Archive for April, 2012
The pictures of rotting and mouldy food in different stages of decay are engaging, repugnant and entertaining all at the same time. Curious?
Welcome to One Third – a series of portraits by Austrian photographer Klaus Pichler that reflect the culture of food waste in industrialized nations.
The name One Third refers to the amount of food that is wasted worldwide, according to a study by the Food and Agriculture Organization of the United Nations (FAO).
The 2011 study, Global Food Losses and Food Waste, revealed that 1.3 billion tons of food produced for human consumption is lost or wasted globally — roughly one third of all food produced. This means that all the resources used up to produce and transport that food are also wasted.
Where does the loss occur? Food is lost throughout the supply chain. Interestingly, where the loss occurs seems to depend on the wealth of the country.
In low-to-medium income countries, loss occurs in the early stages of the supply chain: during harvesting, storing, refrigeration and transportation.
In medium-to-high income countries (Europe, North America), food is wasted in the later stages of the supply chain: this can be due to a lack of coordination between the different players in the supply chain, the buying practices of super-markets, which tend to over buy and overstock so that store shelves offer a constant cornucopia of selection, and consumer behavior (you and me), which demands perfect looking food and wastes good food simply because it can afford to.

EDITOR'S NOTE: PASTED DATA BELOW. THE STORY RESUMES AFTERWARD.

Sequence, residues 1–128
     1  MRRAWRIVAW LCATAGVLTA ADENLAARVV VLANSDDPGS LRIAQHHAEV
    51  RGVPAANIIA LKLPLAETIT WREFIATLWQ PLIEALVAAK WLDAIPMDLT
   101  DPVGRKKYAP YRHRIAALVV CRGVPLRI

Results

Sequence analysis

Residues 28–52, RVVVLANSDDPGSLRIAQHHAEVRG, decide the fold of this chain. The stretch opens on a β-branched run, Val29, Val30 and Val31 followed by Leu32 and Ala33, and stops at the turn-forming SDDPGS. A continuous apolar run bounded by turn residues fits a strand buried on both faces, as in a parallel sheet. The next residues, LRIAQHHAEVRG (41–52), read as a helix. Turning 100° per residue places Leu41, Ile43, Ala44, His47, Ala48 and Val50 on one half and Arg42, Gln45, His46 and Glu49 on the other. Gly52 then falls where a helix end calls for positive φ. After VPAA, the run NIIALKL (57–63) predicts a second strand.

Each image in One Third depicts food that was once beautiful, tasty and edible (fruits, vegetables, grains), but has become inedible. The items all come from different parts of the world, travel different distances, and are produced with different methods… with only one thing in common: they arrive in our stores, we buy them and then throw them away.
I finally finished the biggest little book I’ve read in a while: Wayne Roberts’ The No-Nonsense Guide to World Food, 2008. (merci François!)
World food is clearly a vast topic, but Roberts is a man for the task and walks us though the whys and wherefores of our current global food systems, and more importantly, how we got to be here.
Pulling from various sources, sector experts and personal experiences that have taken him around the world, Roberts uses simple, direct language that will appeal to those hungry to learn more about the reality of our global food situation.
Roberts begins by explaining how a food system, is exactly that, a system. And as a systemic entity (think respiratory, circulatory), it reaches far into all aspects our lives, and our communities. Family meal times, recipes handed-down over generations, seasonal celebrations and cultural festivals all tie us back to the food we eat – and to the land where we live. But the post-war modernist approach to food production, which industrialized agriculture and turned food into a commodity, drew us away from this connectedness, and has managed to pit Global North against Global South. And we are all poorer for it.
This book will give you ideas of how to get your food system back.
As David Suzuki writes on the inside cover page, “Books like this get us started in our thinking and our actions.”